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Rick Westhead

TSN Senior Correspondent

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Lawyers for the more than 100 former National Hockey League players suing the league over its handling of concussions and brain injuries are asking to prevent the league’s doctors from examining a group of former players.

Two weeks ago, the NHL asked a U.S. federal court judge in Minnesota to order former players Mike Peluso, Dan LaCouture, Bernie Nicholls, Steve Ludzik and Gary Leeman to submit to medical examinations conducted by doctors and psychologists hired by the league.

The NHL argued it is entitled to confirm the existence of the players’ alleged symptoms, and asked that the five players, who figure prominently in the NHL concussion lawsuit, to be subjected to blood work, and neuropsychological or psychiatric examinations. The league asked that Ludzik, who says he was diagnosed with Parkinson’s disease in 2000, also take a PET scan, which measures brain function.

Lawyers for the former players asked the court to reject the NHL’s request the same day Ludzik told TSN he would abandon the lawsuit because of the stress and physical demands related to the case. They are asking the judge to allow their own medical experts, under the direction of Dr. Robert Cantu, a clinical professor of neurosurgery at Boston University, to conduct investigations of Peluso, LaCouture, Nicholls and Leeman within the next 90 days.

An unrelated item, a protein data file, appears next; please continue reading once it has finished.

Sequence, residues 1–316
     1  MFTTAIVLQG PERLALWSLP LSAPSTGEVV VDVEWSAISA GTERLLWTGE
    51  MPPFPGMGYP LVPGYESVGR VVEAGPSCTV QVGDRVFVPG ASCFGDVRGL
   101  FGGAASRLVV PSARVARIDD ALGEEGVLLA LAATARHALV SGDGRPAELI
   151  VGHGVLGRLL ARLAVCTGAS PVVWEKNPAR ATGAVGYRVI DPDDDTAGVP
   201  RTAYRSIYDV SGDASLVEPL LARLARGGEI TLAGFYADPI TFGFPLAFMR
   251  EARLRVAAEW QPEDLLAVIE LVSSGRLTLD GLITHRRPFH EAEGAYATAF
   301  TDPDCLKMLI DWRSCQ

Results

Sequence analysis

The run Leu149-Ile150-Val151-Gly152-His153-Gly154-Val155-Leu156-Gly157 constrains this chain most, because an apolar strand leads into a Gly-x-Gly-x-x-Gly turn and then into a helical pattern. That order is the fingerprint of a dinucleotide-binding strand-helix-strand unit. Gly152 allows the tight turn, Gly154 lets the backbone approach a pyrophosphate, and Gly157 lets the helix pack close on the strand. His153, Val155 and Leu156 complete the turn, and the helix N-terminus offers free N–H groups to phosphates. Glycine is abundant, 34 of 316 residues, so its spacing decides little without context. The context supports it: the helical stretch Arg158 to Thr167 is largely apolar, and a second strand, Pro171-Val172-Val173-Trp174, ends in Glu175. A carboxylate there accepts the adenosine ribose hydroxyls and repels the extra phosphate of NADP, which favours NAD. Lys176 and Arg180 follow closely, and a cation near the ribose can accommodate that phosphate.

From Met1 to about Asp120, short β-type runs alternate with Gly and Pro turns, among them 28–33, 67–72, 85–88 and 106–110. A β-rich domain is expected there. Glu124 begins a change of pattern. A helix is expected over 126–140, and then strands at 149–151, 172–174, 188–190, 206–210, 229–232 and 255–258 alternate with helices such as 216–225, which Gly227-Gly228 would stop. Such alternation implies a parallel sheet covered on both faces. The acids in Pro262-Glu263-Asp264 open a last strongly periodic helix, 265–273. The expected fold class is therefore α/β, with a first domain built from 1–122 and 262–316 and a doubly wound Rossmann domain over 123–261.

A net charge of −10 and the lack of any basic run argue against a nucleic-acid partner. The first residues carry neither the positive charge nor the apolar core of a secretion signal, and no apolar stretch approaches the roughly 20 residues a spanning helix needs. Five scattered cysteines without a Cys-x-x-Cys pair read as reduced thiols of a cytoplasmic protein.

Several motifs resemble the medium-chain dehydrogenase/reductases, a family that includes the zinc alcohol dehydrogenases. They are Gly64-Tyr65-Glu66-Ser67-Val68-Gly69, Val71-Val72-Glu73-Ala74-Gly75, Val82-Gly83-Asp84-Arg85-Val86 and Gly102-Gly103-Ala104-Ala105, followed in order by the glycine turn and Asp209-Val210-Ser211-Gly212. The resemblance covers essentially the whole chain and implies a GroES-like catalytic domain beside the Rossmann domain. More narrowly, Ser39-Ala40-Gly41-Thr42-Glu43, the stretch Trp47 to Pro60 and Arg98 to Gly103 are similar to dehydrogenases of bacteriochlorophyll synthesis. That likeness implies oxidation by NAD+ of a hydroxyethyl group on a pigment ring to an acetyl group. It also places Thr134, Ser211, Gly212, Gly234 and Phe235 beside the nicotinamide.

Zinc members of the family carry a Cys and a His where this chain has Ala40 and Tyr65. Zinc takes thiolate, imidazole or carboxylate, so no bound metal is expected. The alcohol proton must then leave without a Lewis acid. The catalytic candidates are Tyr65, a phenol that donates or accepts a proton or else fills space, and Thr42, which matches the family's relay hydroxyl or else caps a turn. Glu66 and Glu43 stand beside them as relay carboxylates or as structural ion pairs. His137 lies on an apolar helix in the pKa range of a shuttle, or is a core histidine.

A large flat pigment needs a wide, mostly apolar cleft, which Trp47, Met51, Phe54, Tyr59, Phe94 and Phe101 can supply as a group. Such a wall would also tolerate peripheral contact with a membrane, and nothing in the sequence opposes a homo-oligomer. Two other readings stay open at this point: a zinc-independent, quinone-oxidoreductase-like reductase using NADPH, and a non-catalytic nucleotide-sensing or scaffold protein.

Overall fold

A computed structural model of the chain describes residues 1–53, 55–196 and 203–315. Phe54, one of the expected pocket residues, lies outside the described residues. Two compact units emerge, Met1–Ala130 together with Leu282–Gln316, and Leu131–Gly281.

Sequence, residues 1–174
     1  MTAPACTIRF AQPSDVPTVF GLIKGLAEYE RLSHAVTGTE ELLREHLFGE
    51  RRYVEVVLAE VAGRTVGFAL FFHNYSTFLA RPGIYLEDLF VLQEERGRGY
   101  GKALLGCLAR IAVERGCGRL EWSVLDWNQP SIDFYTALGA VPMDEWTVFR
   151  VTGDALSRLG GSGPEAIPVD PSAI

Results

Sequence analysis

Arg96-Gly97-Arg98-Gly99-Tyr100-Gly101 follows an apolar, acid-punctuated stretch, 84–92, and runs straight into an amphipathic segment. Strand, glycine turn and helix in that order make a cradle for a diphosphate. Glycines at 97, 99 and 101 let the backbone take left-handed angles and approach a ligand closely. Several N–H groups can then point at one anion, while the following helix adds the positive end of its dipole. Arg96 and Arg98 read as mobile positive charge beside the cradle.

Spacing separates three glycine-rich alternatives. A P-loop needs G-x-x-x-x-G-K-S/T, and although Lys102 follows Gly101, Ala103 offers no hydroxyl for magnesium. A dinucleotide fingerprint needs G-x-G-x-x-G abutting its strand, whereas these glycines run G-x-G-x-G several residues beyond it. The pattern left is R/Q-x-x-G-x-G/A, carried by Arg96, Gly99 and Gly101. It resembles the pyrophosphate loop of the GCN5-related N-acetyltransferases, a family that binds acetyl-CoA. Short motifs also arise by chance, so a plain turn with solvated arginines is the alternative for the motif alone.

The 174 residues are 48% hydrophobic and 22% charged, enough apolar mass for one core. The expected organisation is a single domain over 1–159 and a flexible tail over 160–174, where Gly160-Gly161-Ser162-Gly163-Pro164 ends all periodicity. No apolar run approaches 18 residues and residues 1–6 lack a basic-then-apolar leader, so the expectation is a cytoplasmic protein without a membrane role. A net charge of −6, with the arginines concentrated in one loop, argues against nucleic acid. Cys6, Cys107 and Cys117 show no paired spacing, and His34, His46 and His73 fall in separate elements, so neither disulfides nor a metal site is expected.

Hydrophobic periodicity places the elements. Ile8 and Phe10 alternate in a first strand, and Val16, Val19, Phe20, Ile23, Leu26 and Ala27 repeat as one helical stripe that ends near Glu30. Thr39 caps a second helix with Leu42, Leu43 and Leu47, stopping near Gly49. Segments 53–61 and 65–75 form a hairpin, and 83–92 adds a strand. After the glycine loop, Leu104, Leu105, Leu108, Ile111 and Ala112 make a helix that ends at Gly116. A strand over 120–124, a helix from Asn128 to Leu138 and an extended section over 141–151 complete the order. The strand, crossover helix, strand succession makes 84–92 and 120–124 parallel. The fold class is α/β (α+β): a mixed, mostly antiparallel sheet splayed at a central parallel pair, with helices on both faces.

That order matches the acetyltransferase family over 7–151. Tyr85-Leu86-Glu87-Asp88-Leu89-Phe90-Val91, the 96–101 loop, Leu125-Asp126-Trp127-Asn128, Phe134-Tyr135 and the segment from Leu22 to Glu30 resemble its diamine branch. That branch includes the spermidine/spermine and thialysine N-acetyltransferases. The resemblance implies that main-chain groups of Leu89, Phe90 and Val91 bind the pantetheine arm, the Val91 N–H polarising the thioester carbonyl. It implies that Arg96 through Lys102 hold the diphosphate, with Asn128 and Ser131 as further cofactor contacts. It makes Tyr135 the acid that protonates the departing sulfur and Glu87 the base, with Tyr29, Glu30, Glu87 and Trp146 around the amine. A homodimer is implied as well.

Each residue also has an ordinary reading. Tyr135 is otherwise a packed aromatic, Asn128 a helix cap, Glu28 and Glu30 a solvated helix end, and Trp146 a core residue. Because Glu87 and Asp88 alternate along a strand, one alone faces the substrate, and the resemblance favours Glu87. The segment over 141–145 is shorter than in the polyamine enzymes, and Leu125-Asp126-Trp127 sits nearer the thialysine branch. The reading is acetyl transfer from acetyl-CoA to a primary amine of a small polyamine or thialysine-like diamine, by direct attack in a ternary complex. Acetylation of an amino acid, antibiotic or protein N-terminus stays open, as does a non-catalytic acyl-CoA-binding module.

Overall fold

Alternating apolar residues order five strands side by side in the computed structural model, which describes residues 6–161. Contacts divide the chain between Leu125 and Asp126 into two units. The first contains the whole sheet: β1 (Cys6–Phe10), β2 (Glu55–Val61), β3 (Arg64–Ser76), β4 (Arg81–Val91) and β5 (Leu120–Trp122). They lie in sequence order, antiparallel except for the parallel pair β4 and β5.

“After these examinations have been completed, plaintiffs will allow the NHL to conduct independent examinations in accordance with what Dr. Cantu has identified as being reasonably and medically necessary for LaCouture, Peluso, Leeman and Nicholls,” the former players’ lawyers wrote in a court documents filed late Thursday.

The lawyers said examinations the NHL has demanded are not reasonable because none of them can rule out chronic traumatic encephalopathy (CTE) “and CTE is the neurodegenerative disease these men are most likely to have,” they wrote.

There is no way to prove the presence of CTE, a progressive degenerative disease of the brain linked to repeated brain trauma, in living patients.

While 104 players are now involved in the concussion lawsuit against the NHL, the four players involved in the debate over medical testing are proposed class representatives, meaning their symptoms are similar to other former NHL players of the same era. That would be important if the judge in the case agrees to declare the litigation a class action lawsuit.